Tuesday, January 09, 2007

The True Cost Of Vista

Required reading. I know it's long and there's more paranoia and spin than there has to be, but the basic points made are very relevant.

These days there are far too many words without actions. Sony rip their customers off and shred companies like Lik-Sang and people bitch and moan about it, but then they go out the next day and buy Sony products. Linksys ship buggy and incompatible wireless router products and they get bad reviews, but you can guarantee they still ship in the hundreds of thousands. When did we become a race of people who are so desperate to spend our money that we are willing to have any piece of sh*t shoved down our throats? Somewhere it has to end, and I for one am willing to at least make the effort.

Right now I'm making this vow: I will not buy any HD-DVD or Blu-Ray discs, I will not use Vista, and I will prioritise my PC hardware purchases such that if it employs the frankly retarded measures noted then it will be at the very bottom of my list.

So there you have it. MS can be assured I will not be paying anything for their new flagship product. The film companies can be assured I will not be buying the content that is so precious as to require a complete removal of common (and business) sense. The hardware companies can be assured that if they allow MS to dictate to them what they are and aren't allowed to make then I will most certainly not be giving them my cash (after all, that's what the whole world revolves around isn't it?).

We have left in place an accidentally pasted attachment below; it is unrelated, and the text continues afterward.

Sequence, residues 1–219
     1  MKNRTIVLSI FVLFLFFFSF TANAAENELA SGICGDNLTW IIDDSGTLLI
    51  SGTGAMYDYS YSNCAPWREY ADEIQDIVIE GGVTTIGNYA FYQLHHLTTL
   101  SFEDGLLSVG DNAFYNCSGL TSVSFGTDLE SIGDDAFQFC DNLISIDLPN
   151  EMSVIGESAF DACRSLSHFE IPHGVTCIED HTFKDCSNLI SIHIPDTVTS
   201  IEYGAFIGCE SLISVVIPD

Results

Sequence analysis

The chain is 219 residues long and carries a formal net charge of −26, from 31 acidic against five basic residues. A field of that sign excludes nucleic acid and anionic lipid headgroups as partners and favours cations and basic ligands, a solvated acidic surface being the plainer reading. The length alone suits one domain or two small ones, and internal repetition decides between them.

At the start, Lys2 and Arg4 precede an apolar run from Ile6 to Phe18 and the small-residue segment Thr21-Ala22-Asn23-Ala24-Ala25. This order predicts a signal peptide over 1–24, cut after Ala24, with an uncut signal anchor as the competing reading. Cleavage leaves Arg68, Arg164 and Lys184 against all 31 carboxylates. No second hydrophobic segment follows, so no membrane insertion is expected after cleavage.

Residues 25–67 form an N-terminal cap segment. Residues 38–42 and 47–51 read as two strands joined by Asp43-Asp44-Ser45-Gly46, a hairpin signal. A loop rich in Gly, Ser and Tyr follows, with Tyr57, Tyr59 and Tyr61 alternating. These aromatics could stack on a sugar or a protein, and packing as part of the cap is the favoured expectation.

Just in case MS didn't see this one coming, a suitable quote:
The HDCP scheme will serve to make the illegal product the most full featured and least restrictive, and thus the most attractive to the consumer. Add in the expense of buying new equipment to view the legal content (when existing equipment is perfectly capable) and the performance drain imposed by in-line encryption/decryption and they've put out the biggest incentive to piracy yet.

On an (almost) lighter note, I can so see this happening:
An interesting potential security threat, suggested by Karl Siegemund, occurs when Vista is being used to run a security monitoring system such as a video surveillance system. If it's possible to convince Vista that what it's communicating is premium content, the video (and/or audio) surveillance content will become unavailable, since it's unlikely that a surveillance center will be using DRM-enabled recording devices or monitors. I can just see this as a plot element in Ocean's Fifteen or Mission Impossible Six, "It's OK, their surveillance system is running Vista, we can shut it down with spoofed premium content."

How about this scenario? A tech support employee at a cable tv company gets fired for browsing porn on company time. Before leaving he leaves a program running on one of the servers that streams out a key revocation list to every device listening to the broadcasts. This list is composed of random keys being generated and sent as fast as the network allows. Before it gets discovered and removed a huge portion of people lose the ability to view premium content on their devices (or even have the devices completely disabled).

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